Or are today's newcomer businesses just not so well-versed in organisational effectiveness as their incumbent peers? Is this message aimed more at them?
I think it's less a problem with the newcomers and the examples McKinsey use in the attached article indicates that they are not the target audience of the advice it carries.
In my experience, the startup community tend to nail coherent and integrated operations more easily - largely as a benefit of being new, small and well-connected with each other, as well as being increasingly data- and data-analytics-confident. Whether we then lose sight of this and compromise greater operational integrity as we scale rapidly is a question that would be interesting to explore. Getting it right is certainly something that requires good internal discipline, rigorously applied.
So have the bigger and more established businesses amongst us have got a little bit too excited about the technological art of the possible, such that we've forgotten to join the dots between our various respective working parts? McKinsey seem to be saying exactly that. It is, after all, pretty much the same advice that they used to guide us over 15 years ago.
And of course, it's not just about joining up operational dots. It's about ensuring that the data from all those joined dots is used to optimum benefit for each business. The more integrated and co-ordinated the approach a business takes to its operations, the more accurate the information it receives. Today's digital tools open up a wealth of invaluable data that we could never have dreamed of in 2000.
This could be great news for all those holding strategy, business development and project management titles in large organisations: McKinsey's just given you the focus and budget justification for your next OE project. And by the looks of things, it's not going to be a short or simple one to undertake and deliver. In fact, if you're a pretty big business, you might well need a McKinsey or one of its peers to help out.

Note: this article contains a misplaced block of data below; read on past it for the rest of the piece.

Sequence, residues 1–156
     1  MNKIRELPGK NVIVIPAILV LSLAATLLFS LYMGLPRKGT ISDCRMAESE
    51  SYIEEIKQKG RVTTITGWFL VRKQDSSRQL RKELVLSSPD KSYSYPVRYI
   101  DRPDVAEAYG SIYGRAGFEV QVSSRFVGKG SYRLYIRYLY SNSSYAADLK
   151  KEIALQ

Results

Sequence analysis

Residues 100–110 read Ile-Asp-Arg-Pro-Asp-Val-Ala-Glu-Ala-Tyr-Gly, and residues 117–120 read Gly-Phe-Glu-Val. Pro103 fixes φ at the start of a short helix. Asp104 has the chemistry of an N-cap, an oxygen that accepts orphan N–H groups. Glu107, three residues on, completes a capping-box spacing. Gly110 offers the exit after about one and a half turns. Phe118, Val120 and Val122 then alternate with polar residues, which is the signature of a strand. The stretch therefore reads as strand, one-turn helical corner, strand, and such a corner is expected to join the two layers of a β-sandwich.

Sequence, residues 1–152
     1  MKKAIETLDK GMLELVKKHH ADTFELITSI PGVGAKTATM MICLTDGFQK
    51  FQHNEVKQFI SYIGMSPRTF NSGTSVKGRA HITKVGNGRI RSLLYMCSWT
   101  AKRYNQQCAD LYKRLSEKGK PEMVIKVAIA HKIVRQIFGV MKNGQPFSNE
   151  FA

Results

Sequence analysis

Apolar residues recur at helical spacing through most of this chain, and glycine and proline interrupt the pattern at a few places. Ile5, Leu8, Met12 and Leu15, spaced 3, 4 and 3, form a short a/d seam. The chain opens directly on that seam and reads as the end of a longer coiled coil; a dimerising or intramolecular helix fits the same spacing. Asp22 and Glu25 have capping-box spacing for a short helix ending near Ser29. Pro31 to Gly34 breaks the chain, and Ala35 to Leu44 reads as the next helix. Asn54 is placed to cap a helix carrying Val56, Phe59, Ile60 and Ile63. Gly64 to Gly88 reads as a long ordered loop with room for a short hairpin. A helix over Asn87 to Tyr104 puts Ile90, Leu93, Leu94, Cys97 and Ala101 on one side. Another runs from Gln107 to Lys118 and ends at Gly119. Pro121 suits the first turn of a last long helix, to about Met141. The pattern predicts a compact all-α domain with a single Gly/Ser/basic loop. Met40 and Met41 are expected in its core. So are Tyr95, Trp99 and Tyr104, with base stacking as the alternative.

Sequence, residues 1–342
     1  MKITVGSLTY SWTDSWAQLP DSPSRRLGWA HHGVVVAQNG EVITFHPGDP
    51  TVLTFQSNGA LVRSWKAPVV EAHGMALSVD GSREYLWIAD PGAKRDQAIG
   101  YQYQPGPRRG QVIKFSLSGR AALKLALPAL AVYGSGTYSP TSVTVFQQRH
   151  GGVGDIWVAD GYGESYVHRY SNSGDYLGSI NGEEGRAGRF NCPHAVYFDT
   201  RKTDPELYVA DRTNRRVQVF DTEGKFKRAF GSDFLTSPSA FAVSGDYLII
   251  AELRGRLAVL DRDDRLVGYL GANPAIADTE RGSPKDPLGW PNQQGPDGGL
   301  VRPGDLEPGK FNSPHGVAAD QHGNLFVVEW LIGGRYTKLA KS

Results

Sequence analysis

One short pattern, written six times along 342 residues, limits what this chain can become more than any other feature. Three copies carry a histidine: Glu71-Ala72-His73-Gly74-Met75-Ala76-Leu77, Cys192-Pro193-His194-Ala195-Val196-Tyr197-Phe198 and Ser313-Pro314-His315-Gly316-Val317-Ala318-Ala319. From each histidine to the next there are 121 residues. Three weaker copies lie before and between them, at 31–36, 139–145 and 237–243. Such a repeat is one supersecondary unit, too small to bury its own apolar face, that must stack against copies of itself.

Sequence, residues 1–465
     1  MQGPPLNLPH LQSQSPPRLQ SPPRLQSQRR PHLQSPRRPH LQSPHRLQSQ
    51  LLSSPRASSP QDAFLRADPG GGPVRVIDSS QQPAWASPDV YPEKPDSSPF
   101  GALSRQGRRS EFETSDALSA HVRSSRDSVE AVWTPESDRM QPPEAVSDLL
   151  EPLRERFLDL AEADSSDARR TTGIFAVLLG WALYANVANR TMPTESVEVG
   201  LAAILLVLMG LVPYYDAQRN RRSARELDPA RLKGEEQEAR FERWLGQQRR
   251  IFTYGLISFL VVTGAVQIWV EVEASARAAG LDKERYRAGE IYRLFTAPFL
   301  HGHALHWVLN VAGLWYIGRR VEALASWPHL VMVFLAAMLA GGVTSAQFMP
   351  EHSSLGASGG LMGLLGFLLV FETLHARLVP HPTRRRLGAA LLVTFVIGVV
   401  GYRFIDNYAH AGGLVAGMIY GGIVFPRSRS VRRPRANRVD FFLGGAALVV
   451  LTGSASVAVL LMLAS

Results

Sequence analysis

What's very clear is that 'digital tools' can't solve this one alone. People lie at the heart of this solution. You won't be able to achieve success in isolation either. This isn't the responsibility of one team to deliver. It's going to take company-wide buy-in and on-going participation to make it a success.
And we definitely need to keep training each other not to forget this anti-silo, organisational integration and customer-focused guidance. Otherwise, I think we can expect McKinsey to be publishing the same advice yet again in the not too distant future.
A simple way to visualize this operating model is to think of it as having two parts, each requiring companies to adopt major changes in the way they work: The first part involves a shift from running uncoordinated efforts within siloes to launching an integrated operational-improvement program organized around customer journeys (the set of interactions a customer has with a company when making a purchase or receiving services) as well as the internal journeys (end-to-end processes inside the company)... The second part is a shift from using individual technologies, operations capabilities, and approaches in a piecemeal manner inside siloes to applying them to journeys in combination and in the right sequence to achieve compound impact.